I also got in trouble for stopping a medication without permission because unbeknownst to me it is also used to regulate blood pressure in people with dysautonomia (that is not why I was started on it or was taking it) and so I was informed I am not to self adjust my medications anymore without explicit physician permission. Oops. Lets see, I also learned that it could take weeks to recover from that big crisis which may explain why I have been so fatigued, so much weaker, why the spasms have been worse, why I have been so nauseous again, and why I have had no appetite (although that does not seem to be slowing down the annoying weight gain - ugh!!). And that is as long as I do not have any more episodes - which I already had an average one last night that I treated appropriately where my blood pressure dropped to 90/38 and stayed in that range for about 3 hours. I pushed fluids, laid down, and monitored it with the plan in mind to call for help if I felt worse at any point. At no point did I feel like I was losing consciousness so it was not a horrid one.
We are also going to do pulmonary function tests since I have been more short of breath since the crisis, and it appears based on the asthma meter given to me in the hospital last December my lungs never returned to full function after that hospitalization. I do not have asthma, but my diaphragm was impacted by the severe muscle weakness. Other than that we are awaiting the results of genetic testing, I see the top specialist in the progressive spastic paraplegia in December, and after that visit I regroup with my nerologist who mentioned a possible assessment at an MDA clinic if we do not get a firm diagnosis from the PSP.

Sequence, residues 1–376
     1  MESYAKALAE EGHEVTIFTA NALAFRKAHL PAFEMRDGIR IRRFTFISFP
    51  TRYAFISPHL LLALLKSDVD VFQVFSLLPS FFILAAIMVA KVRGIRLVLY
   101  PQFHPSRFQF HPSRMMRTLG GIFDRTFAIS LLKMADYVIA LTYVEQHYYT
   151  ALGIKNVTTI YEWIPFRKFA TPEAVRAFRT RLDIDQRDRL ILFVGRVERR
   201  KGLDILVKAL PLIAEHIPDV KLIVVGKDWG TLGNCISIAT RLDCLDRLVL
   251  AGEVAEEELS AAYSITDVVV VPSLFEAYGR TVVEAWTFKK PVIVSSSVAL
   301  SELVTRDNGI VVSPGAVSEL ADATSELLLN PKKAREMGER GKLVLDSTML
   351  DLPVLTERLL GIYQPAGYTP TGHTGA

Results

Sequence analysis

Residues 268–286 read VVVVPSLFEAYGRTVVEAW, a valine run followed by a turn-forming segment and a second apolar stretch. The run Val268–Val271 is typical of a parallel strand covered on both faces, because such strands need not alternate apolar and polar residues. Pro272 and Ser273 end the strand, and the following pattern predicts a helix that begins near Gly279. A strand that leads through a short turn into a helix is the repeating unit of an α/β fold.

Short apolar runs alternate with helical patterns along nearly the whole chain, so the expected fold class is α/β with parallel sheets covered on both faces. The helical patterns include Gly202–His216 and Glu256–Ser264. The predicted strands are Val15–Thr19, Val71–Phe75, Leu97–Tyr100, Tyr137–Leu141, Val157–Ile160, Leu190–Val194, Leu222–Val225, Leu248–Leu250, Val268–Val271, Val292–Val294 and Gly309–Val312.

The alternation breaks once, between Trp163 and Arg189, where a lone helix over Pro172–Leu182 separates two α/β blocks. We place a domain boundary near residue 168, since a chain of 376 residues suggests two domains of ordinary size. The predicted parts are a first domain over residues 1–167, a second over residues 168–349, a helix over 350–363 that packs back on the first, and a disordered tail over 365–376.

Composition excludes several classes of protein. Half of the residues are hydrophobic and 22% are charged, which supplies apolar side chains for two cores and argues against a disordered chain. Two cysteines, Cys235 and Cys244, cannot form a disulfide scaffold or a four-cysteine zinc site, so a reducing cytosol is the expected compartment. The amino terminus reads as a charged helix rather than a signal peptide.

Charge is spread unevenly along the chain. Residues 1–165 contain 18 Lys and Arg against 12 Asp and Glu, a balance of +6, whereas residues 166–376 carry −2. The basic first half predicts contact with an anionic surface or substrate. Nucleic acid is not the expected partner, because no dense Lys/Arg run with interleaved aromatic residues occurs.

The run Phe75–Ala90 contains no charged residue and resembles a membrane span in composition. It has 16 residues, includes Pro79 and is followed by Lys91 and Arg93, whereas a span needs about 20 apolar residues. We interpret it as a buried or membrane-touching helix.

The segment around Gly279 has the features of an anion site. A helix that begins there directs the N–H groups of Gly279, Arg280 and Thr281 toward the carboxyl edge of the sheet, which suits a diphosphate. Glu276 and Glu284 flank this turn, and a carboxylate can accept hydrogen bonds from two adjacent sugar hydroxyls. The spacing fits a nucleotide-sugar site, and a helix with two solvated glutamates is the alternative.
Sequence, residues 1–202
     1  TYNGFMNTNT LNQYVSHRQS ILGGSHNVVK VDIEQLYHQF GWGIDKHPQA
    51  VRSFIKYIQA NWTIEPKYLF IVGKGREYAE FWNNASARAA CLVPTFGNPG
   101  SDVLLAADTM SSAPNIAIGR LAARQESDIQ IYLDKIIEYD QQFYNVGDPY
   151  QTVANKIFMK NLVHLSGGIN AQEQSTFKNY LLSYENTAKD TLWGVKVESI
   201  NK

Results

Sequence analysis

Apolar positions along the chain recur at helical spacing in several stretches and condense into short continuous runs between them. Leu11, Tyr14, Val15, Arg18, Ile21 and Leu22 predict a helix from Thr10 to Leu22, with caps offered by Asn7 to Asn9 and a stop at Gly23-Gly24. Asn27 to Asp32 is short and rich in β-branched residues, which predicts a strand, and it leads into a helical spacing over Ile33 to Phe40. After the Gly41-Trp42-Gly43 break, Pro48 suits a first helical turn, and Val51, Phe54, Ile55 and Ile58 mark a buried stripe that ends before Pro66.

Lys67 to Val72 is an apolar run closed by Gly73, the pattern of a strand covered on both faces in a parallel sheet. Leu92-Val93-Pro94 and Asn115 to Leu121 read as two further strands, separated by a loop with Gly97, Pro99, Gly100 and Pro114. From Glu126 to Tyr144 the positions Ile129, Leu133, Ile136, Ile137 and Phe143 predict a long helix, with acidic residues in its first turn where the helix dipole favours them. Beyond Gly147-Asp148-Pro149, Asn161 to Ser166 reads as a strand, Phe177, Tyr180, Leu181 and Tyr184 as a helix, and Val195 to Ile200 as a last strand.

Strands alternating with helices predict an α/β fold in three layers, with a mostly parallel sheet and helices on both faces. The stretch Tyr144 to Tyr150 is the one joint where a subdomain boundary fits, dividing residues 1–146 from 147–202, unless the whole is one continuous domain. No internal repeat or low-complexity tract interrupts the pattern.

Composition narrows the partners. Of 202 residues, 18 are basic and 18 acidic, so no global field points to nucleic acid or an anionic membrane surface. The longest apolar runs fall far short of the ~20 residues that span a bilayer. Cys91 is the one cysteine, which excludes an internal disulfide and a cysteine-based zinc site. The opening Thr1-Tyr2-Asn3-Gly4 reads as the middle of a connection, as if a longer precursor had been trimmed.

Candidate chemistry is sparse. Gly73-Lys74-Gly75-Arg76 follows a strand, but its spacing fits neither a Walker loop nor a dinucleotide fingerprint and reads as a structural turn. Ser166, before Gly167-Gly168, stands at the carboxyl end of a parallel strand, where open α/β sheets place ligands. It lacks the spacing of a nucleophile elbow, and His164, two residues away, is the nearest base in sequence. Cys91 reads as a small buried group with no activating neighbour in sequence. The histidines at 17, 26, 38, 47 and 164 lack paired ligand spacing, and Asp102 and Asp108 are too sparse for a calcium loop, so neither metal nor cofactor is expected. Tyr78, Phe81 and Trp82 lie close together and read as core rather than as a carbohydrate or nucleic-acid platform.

Today I go get my wheelchair, in just a few minutes we leave and I am very excited. Oh, and I also have to restart physical therapy because my legs are too tight - I can not straighten my knees anymore which makes standing hard and walking any steps harder because I rely on locking my joints for stability to walk.
I will update with info on my new chair and hopefully pictures later. I am such a dork excited about my wheelchair!
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It's a Girl!

3:19 PM